Shakerchi’s last appearance on the Triton Series was in London in 2019, where he played the £1 million Helping Hand for Charity event. And he’s in town this week for the Coin Rivet, of course. He’ll obviously be happy with a $510,000 score by way of warm up.
Four players now remained, and they were four of the very best. It seemed highly unlikely that there would be any false steps, so the gods would have a large part to play in how the remaining $4.5 million would be divvied up. Both Burns and Dzivielevski entered a period where they couldn’t win a pot. Dzivielevski in particular doubled up both Davies and then Greenwood, slipping out of the chip lead to become the man most under threat.
He survived another few orbits but the first time Dzivielevski was all-in and under threat, he was out. His lost to Burns’ when the smaller ace rivered a wheel.
Dzivielevski has had a decent week, with a second place in the $30K, where he won $750K, and now a fourth for another $630K. It can’t be long until a trophy is heading to Brazil, likely in his luggage.
The three remaining players — two north Americans and an Australian — had only 70 big blinds between them, but they were evenly spread. It meant some cagey play and chips gradually moving in one direction and then back again. As the blinds went up again, it got even more swingy, with each player holding the chip lead and then each surrendering it. There were no fewer than six double-ups as the chips began to fly, with Burns coming out on the right side of most of them.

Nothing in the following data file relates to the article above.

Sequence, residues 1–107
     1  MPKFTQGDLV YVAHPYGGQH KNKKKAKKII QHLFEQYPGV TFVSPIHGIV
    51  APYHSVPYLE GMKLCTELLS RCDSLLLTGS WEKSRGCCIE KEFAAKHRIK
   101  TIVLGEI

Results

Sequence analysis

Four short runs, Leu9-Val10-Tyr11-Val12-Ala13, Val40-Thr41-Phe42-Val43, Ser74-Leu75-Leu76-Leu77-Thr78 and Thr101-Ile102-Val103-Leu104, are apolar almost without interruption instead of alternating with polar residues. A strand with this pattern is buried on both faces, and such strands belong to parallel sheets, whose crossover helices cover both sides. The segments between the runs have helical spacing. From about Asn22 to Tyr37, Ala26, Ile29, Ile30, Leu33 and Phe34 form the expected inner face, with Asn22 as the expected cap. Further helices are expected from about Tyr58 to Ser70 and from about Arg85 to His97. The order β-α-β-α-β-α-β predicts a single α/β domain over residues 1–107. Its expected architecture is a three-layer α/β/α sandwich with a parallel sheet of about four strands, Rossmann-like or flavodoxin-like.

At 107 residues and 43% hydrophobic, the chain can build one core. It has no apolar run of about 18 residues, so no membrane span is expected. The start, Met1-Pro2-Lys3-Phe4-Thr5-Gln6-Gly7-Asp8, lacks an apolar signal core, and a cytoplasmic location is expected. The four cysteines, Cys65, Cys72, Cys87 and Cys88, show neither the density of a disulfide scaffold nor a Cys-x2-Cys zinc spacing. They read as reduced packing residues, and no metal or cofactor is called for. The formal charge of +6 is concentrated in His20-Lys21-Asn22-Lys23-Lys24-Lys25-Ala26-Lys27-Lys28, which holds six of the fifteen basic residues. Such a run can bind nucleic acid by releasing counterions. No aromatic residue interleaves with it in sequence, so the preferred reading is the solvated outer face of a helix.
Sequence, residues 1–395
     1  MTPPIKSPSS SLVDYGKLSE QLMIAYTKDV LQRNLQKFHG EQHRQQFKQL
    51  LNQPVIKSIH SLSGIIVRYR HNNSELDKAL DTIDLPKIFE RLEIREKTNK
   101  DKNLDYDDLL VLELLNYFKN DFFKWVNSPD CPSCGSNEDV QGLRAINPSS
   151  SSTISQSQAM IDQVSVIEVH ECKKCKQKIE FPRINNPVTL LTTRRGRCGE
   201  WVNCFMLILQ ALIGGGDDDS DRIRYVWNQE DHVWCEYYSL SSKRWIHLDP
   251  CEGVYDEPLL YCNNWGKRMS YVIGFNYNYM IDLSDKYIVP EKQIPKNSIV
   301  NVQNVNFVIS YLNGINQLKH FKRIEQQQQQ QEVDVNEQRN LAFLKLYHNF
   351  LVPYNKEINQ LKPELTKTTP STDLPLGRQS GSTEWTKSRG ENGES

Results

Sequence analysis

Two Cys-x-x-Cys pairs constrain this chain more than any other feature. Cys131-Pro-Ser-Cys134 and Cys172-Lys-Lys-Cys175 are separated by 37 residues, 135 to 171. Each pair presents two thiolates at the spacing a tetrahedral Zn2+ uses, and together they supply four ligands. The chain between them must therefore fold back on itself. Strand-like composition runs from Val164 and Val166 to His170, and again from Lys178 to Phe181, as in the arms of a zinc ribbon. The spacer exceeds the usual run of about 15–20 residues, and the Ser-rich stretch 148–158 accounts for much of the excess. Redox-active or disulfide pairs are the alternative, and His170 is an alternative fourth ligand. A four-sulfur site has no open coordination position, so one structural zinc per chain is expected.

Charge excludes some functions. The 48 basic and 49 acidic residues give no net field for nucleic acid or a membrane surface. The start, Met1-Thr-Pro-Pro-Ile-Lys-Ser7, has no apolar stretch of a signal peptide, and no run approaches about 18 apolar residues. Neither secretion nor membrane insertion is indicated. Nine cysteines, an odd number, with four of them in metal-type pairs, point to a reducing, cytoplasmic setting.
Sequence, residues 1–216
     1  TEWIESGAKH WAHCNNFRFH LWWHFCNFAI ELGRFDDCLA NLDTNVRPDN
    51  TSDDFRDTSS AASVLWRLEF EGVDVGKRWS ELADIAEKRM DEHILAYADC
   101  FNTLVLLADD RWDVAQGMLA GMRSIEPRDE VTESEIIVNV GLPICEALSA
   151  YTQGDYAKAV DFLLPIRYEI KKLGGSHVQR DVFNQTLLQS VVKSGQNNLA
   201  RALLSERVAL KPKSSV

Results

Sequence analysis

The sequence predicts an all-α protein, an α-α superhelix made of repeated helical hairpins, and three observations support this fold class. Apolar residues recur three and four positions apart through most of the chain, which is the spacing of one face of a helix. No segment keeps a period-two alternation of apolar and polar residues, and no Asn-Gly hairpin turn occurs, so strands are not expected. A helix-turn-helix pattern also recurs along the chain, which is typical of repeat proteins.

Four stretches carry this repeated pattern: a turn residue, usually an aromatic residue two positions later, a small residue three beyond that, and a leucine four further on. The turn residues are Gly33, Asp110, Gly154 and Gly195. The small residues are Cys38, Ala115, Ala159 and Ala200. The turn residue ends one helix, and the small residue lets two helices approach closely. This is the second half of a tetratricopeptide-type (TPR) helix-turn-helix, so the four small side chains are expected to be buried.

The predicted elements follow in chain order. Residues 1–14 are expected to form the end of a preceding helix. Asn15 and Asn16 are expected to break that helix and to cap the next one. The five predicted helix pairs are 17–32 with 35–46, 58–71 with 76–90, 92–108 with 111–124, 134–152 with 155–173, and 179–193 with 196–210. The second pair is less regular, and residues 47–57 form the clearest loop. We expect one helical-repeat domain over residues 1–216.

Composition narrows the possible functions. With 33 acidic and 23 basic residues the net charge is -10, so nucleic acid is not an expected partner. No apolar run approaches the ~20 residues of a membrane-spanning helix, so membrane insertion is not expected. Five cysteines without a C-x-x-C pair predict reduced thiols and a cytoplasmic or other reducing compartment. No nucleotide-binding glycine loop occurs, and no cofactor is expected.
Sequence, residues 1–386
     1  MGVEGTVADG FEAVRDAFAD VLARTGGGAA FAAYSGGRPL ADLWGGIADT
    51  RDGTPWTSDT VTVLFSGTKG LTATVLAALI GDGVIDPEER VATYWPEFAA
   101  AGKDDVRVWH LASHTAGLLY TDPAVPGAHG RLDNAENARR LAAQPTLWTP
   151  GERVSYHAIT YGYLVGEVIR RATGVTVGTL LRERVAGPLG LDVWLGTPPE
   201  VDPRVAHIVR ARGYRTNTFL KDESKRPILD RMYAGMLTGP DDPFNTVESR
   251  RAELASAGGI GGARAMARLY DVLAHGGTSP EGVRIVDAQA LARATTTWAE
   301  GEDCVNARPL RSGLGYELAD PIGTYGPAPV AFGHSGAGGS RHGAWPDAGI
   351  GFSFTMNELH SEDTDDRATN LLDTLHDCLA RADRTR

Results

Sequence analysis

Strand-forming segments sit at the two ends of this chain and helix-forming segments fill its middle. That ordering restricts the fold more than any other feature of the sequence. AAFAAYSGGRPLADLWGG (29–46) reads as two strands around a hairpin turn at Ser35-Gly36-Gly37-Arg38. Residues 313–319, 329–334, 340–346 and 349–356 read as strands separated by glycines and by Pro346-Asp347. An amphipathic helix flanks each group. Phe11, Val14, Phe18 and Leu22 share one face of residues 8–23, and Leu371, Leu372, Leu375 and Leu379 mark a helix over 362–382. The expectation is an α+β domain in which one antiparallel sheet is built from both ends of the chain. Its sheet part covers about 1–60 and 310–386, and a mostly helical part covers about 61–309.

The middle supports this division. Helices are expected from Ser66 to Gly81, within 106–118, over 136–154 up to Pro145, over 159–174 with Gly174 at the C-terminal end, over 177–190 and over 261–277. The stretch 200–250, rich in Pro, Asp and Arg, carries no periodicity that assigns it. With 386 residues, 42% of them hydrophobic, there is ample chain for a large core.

After Burns won a huge one from Davies — Burns had against Davies’ and hit an ace — Davies was back on the ropes. The next hand he was out, as Burns found aces and Davies had . Davies flopped a queen, but it wasn’t enough.
Davies continues to go deep but was still unable to get over the line. He took $815K for third.
The remaining two were both now millionaires, but both obviously still very keen to win their first Triton trophy. Burns had a better than three-to-one chip lead, with 34 BBs versus Greenwood’s 10.
In these circumstances, it couldn’t really be a long heads-up battle, and the first all-in confrontation ended it. Burns had to Greenwood’s pocket fours, but hit a seven to lock it up.
“Good game, my friend,” Burns said as he shook Greenwood’s hand. Both will be very content with their result.
“If you enter a tournament, you know you’re not really supposed to win it,” Burns said. “So you always have to get lucky…I do what I think is good. Sometimes it works, sometimes it doesn’t.”
This was one of the time it did.
Event 5: $75,000 NLH – 8–Handed
Dates: September 8-9, 2022
Entries: 88 (inc. 34 re-entries)
Prize pool: $6,600,000
1 – Kahle Burns, Australia – $1,730,000
2 – Sam Greenwood, Canada – $1,210,000
3 – Seth Davies, UK – $815,000
4 – Yuri Dzivielevski, Brazil – $630,000
5 – Talal Shakerchi, UK – $510,000
6 – Linus Loeliger, Switzerland – $400,000
7 – Artem Vezhenkov, Russia – $315,000
8 – Santhost Suvarna, India – $245,000
9 – Jonathan Jaffe, USA – $185,000
10 – Bruno Volkmann, Brazil – $145,000
11 – Pedro Garagnani, Brazil – $145,000
12 – Michael Soyza, Malaysia – $135,000
13 – Laszlo Bujtas, Hungary – $135,000
Photography by Joe Giron/PokerPhotoArchive